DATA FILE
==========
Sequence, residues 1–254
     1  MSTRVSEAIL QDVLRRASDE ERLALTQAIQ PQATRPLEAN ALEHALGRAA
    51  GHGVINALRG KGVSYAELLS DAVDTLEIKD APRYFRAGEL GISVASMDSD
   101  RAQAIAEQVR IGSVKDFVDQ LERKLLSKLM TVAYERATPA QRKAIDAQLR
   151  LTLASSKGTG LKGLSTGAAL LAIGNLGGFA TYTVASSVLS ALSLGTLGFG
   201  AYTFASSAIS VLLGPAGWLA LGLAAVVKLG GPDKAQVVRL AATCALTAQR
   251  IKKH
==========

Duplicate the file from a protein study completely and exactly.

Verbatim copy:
Sequence, residues 1–254
     1  MSTRVSEAIL QDVLRRASDE ERLALTQAIQ PQATRPLEAN ALEHALGRAA
    51  GHGVINALRG KGVSYAELLS DAVDTLEIKD APRYFRAGEL GISVASMDSD
   101  RAQAIAEQVR IGSVKDFVDQ LERKLLSKLM TVAYERATPA QRKAIDAQLR
   151  LTLASSKGTG LKGLSTGAAL LAIGNLGGFA TYTVASSVLS ALSLGTLGFG
   201  AYTFASSAIS VLLGPAGWLA LGLAAVVKLG GPDKAQVVRL AATCALTAQR
   251  IKKH